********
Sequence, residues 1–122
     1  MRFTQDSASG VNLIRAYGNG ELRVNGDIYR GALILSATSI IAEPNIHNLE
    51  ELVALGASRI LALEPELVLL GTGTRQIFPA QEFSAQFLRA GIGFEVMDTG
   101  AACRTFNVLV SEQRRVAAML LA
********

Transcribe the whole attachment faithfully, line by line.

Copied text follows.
Sequence, residues 1–122
     1  MRFTQDSASG VNLIRAYGNG ELRVNGDIYR GALILSATSI IAEPNIHNLE
    51  ELVALGASRI LALEPELVLL GTGTRQIFPA QEFSAQFLRA GIGFEVMDTG
   101  AACRTFNVLV SEQRRVAAML LA